• Also from the CRU is this list of recent grants, which includes £99,785 from the US DOE. It's impossible to ascertain from this list what other US funds may have been indirectly given by means of donations or grants to a larger fund. (I don't see, for example, anything from the EPA, although the CRU acknowledges their funding.)
  • The previous page from the CRU claimed 15 staff members in 2007. This apparently more recent page claims 30. It's misleading to count the 3000 UAE staff, since we are dealing only with the CRU. The Unit undertakes both pure and applied research, sponsored almost entirely by external contracts and grant from academic funding councils, government departments, intergovernmental agencies, charitable foundations, non-governmental organisations, commerce and industry.
  • It would be helpful if the IP editor would provide a link to a reliable source. --Yopienso (talk) 14:20, 8 July 2010 (UTC)
The file is: "FOIA/documents/pdj_grant_since1990" in the leaked ... and yes this is original research but I just wanted to deflect obvious bullshit. (talk) 17:40, 8 July 2010 (UTC)

{Outdent}This link may be easier to access. I'm reading it slightly differently. I see 8 grants from the US Dept. of Energy totaling over a million pounds received by Jones and/or Wigley from 1995-2001 and in 2004. As I said above, I don't see the grants given by the US EPA or by many others on the list of acknowledged donors. Please don't construe this as criticism of Jones or the CRU; this is how projects are funded. I do object to denial of the facts, though.--Yopienso (talk) 20:35, 8 July 2010 (UTC)

Thanks IP and Yopienso, I think you've settled the argument here. The CRU receives significant funding from the US government. Cla68 (talk) 20:49, 8 July 2010 (UTC)
Significant compared to what? £1m over seven years is a pretty small amount - only about £140k per year. What percentage is that of CRU's total funding? -- ChrisO (talk) 21:15, 8 July 2010 (UTC)
Jones has received £13.7 million in grant money since 1990 (according to that spreadsheet), so it's about 8-10%. NW (Talk) 22:12, 8 July 2010 (UTC)
Sorry, my bad. You are right. I divided by the last cell in the column instead of the sum of the column. (talk) 04:23, 9 July 2010 (UTC)
And like I said before, a good number of the emails contain correspondence between DOE scientists and the CRU-associated personnel. In my opinion, East Anglia is probably assuring the DOE, as well as the others they receive funding from, that they have taken steps to rectify the FOIA issues. If any of this is ever mentioned in a RS, which I believe it will be once more books start coming out about it in a few months time, we can put it in the article. Cla68 (talk) 22:26, 8 July 2010 (UTC)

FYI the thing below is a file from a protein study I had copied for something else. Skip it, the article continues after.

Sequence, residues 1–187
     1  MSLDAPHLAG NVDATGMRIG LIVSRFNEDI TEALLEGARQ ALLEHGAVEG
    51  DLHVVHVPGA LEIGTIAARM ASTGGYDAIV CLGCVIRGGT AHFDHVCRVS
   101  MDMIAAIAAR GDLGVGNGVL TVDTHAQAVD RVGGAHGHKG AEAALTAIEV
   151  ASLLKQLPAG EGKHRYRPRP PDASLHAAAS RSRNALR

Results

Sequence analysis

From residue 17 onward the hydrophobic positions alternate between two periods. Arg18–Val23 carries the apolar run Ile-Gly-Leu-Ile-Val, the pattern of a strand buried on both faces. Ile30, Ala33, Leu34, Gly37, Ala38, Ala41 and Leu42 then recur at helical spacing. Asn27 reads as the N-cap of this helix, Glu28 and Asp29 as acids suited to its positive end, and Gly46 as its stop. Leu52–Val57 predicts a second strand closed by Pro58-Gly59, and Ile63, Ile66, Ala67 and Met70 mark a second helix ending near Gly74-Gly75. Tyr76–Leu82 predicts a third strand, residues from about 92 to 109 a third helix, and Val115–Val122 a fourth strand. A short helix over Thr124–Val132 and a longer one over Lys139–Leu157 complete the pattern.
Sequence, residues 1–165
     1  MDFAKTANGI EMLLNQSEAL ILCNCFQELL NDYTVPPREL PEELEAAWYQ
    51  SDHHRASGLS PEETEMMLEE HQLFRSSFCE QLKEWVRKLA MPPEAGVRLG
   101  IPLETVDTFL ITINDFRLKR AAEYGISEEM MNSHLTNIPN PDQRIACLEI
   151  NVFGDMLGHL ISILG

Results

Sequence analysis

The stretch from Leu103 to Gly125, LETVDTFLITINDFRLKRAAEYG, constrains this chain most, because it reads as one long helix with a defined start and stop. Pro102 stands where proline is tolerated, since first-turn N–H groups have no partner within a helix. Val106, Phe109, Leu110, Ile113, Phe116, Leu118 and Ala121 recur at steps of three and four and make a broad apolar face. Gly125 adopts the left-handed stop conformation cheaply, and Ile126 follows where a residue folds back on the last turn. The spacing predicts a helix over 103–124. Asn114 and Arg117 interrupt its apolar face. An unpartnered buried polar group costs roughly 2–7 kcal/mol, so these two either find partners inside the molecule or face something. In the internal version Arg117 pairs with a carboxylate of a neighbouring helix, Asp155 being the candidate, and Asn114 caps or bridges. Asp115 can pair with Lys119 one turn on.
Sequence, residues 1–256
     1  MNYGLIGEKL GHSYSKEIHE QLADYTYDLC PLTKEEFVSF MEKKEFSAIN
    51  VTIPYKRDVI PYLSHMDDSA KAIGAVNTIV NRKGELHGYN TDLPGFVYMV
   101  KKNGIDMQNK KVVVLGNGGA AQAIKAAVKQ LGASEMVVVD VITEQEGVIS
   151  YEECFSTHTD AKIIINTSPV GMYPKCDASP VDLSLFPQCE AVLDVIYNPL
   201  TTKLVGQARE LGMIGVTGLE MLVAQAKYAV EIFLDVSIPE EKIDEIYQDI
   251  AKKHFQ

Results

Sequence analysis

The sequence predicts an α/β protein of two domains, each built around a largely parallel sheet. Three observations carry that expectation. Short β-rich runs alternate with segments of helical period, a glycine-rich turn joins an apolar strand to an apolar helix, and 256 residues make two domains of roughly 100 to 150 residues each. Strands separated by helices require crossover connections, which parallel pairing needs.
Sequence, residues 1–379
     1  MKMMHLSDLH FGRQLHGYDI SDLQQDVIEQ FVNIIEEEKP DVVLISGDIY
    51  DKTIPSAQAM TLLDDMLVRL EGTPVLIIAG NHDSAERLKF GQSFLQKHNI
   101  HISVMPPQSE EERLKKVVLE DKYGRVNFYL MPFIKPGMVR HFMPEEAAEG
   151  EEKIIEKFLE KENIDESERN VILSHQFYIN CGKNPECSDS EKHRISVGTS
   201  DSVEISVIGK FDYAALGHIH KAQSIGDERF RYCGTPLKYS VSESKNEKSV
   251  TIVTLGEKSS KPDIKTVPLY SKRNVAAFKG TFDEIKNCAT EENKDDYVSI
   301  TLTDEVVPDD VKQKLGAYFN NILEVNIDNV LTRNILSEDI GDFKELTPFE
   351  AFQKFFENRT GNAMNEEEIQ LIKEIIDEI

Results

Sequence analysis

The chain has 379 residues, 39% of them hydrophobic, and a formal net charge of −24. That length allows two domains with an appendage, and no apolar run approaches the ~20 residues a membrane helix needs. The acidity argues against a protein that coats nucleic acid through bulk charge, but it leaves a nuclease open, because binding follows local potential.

Has this stuff been discussed in reliable secondary sources? If not, what do we know about its significance? This worries me a bit because it seems to follow directly from a statement in which Cla68 openly stated that he was engaging in speculation. --TS 22:37, 8 July 2010 (UTC)

At this point, we don't know its significance. One of the strong criticisms from reviewers was a lack of transparency; this seems to extend to the entire University, as a password is required to access budget information. (Try clicking on anything to the left.) I'm somewhat familiar with UCLA, who gives easy online public access to its budget. (Am I seeing the British stiff upper lip? Or just being an impertinent Yankee?) Here's the most recent list of grants I can find, in which the US Dept. of Energy gave approx. 6% of the funding. Maintaining a modern, updated website seems to be the least of the CRU's worries. But since we don't have everything together on one page, we can only say the US govt. helps fund the CRU. We can be sure (or at least reasonably presume) much more money than what shows on these charts has been granted, but we can only speculate about the percentage of overall funding the US govt. provides. Speculation has no place here.